The two delayed races follow the suspension of the season-opening Australian Grand Prix this weekend after a member of the McLaren team tested positive for COVID-19. He and 14 other McLaren employees remain in isolation in Melbourne.
“Following the announcement of the Australian Grand Prix’s cancellation this week and the ongoing and fluid nature of the COVID-19 situation globally, Formula One, the FIA and the promoters have taken these decisions in order to ensure the health and safety of the travelling staff, championship participants and fans, which remains our primary concern,” the FIA said in a statement.
“Formula One and the FIA continue to work closely with the race promoters in Bahrain and Vietnam and the local authorities to monitor the situation and take the appropriate amount of time to study the viability of potential alternative dates for each grand prix later in the year should the situation improve.”
The two new postponements take the number of races currently off the schedule to four, including the Chinese Grand Prix, which was originally planned for mid-April but abandoned at the height of that nation’s outbreak in February.
The next race on the calendar is the Dutch Grand Prix on 1–3 May and the Spanish Grand Prix the following weekend, but the FIA cast doubt on the running of both events considering the deteriorating situation in Europe.
“Formula One and the FIA expect to begin the championship in Europe at the end of May, but given the sharp increase in COVID-19 cases in Europe in recent days, this will be regularly reviewed.”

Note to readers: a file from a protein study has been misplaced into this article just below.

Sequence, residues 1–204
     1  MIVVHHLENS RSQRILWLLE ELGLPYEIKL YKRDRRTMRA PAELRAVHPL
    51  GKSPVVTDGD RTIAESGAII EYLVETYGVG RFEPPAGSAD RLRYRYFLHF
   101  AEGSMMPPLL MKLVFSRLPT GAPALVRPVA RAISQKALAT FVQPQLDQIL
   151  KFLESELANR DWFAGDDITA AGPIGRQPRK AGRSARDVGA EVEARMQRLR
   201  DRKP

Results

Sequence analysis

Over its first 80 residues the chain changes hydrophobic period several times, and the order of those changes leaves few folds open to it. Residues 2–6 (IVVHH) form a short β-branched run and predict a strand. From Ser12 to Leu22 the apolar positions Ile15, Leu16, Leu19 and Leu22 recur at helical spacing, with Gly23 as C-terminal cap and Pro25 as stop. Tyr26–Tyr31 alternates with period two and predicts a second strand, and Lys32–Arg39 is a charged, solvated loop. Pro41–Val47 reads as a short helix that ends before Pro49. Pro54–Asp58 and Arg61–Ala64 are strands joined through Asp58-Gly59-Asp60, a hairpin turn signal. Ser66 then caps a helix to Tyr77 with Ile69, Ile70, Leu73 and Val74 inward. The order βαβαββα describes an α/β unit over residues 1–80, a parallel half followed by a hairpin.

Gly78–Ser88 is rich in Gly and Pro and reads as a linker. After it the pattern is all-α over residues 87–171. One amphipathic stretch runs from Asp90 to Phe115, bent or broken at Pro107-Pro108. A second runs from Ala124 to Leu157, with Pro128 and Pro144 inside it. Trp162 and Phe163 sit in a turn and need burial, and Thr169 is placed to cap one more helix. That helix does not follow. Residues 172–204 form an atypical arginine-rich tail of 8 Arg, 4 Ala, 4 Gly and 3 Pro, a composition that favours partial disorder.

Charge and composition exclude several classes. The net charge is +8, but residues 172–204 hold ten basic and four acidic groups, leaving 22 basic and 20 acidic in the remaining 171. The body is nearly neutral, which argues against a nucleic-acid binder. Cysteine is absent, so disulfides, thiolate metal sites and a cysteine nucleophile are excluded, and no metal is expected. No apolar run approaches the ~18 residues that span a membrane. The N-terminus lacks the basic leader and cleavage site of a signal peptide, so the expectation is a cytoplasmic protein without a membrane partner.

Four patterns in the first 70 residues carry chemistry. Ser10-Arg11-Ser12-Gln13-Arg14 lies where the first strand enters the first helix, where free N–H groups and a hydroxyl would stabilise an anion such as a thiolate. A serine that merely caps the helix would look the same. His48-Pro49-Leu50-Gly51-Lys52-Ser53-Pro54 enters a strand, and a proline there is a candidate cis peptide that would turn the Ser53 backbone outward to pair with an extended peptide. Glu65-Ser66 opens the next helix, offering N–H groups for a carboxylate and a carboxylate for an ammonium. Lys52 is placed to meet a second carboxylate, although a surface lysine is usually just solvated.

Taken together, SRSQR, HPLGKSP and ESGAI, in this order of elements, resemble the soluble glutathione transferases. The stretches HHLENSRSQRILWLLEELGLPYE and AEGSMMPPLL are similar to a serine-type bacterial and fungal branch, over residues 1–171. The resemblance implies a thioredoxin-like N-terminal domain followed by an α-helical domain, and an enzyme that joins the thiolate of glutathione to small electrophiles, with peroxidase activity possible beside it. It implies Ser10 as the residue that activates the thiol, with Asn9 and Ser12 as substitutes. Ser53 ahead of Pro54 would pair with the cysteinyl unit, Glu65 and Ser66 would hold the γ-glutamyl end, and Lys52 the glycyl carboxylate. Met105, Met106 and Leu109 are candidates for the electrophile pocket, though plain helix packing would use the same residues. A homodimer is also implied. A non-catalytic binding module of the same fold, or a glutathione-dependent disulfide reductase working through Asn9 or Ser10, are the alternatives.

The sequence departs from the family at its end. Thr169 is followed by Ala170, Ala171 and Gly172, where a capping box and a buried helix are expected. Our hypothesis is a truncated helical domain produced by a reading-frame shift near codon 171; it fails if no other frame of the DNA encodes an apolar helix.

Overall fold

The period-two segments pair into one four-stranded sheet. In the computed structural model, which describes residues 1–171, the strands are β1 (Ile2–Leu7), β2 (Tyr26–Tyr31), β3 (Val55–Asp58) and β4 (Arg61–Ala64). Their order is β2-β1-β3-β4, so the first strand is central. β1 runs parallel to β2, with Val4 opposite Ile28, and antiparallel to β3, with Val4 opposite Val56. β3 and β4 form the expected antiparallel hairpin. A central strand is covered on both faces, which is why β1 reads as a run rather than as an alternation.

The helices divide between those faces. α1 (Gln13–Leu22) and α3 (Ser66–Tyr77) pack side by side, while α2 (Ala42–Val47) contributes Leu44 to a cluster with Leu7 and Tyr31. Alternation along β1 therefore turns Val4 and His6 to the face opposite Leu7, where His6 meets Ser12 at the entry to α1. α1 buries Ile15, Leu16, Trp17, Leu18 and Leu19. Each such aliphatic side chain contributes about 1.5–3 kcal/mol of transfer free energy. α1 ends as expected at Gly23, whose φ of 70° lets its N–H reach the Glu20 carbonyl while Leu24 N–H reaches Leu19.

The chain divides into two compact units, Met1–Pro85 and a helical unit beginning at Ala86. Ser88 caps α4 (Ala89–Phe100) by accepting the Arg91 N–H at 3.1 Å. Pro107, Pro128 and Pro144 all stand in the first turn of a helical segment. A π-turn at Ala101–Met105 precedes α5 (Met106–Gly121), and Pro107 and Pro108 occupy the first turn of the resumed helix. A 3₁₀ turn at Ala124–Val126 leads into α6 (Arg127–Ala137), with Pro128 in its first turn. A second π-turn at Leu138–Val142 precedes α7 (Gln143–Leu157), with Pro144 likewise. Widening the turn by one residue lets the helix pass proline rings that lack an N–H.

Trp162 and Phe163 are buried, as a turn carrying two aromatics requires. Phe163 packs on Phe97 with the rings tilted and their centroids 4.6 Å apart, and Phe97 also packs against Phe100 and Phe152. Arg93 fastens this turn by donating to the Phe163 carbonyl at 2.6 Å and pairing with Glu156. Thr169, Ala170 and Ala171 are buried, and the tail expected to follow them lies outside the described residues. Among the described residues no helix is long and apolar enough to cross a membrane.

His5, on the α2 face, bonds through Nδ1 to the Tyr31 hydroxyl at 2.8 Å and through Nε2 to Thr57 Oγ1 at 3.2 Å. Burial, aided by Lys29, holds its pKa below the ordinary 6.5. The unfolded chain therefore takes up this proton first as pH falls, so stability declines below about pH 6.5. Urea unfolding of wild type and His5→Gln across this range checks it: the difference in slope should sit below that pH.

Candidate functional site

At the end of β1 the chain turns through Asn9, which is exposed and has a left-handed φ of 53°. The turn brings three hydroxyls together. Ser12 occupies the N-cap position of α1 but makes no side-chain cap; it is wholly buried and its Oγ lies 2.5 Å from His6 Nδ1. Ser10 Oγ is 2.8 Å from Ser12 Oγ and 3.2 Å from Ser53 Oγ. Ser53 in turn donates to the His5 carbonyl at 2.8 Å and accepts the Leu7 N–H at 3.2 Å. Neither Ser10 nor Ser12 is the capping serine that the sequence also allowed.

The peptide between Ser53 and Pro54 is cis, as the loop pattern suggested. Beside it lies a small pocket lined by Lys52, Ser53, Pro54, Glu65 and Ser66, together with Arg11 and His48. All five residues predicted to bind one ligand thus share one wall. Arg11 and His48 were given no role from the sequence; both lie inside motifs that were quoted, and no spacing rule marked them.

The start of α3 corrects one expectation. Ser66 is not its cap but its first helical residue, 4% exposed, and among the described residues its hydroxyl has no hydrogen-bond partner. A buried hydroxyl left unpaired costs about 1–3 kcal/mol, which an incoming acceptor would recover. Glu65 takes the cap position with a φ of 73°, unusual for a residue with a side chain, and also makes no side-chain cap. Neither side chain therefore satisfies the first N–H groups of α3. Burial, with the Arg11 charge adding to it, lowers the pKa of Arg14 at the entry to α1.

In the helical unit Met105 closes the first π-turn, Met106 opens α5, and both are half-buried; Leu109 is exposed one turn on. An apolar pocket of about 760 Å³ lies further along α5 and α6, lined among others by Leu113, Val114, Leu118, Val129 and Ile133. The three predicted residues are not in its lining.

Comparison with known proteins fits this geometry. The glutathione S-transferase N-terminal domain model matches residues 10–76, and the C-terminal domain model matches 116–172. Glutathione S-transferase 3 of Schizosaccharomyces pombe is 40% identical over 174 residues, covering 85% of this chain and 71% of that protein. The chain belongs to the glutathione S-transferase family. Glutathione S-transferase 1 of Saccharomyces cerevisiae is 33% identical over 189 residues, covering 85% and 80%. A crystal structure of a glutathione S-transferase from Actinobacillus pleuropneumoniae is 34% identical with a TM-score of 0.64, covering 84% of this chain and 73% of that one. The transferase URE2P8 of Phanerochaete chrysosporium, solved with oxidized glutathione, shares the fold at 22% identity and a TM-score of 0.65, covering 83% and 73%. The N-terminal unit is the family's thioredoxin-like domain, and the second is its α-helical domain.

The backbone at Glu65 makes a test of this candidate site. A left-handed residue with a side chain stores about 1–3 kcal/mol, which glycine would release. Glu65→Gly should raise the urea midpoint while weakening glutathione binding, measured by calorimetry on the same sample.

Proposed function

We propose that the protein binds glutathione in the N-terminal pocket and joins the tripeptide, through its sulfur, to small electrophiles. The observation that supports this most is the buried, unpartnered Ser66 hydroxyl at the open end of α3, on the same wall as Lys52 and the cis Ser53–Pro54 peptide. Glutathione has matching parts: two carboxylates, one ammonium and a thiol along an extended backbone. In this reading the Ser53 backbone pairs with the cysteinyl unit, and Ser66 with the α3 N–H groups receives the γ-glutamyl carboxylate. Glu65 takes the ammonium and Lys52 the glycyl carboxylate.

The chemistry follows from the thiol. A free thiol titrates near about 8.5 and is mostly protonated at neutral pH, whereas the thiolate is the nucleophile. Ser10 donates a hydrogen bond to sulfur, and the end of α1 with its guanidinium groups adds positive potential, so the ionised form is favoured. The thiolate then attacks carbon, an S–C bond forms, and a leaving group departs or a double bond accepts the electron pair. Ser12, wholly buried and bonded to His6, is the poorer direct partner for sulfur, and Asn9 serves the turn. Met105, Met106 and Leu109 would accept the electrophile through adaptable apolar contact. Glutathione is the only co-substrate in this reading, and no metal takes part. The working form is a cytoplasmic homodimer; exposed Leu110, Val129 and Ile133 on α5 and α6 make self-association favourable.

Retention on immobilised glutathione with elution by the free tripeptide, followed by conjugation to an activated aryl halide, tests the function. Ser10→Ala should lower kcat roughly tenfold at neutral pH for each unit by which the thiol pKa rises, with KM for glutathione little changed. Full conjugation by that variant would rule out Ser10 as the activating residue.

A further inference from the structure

The iconic Monaco Grand Prix is the last race of the month, on 21–24 May, but paddock speculation in Melbourne suggested the season is most likely start with the Azerbaijan Grand Prix on 5–7 June.
Rescheduling all of what could be up to seven races in this scenario would be extremely difficult given the already packed nature of the Formula One schedule.
The prospect of cancelling the two-week August break — currently enforced in the regulations to guard against burnout — is an option to open up space on the calendar, but even this would allow for only one additional race without creating a triple-header of grands prix, which the teams are reluctant to try again after it was exhaustingly trialled in 2018.
Other events have thus far appeared reluctant to change dates owing to ticket sales and the lead time required to set up infrastructure, particularly for non-permanent race venues. The Australian Grand Prix is unlikely to be rescheduled for this reason, with the cost of setting up infrastructure at Albert Park a second time in the same year financially unattractive.
Local restrictions on mass gatherings may force the hand of some organisers to change dates or abandon races altogether given a reduction in proceeds from ticket sales will make several events economically unviable, with several European rounds receiving no government backing.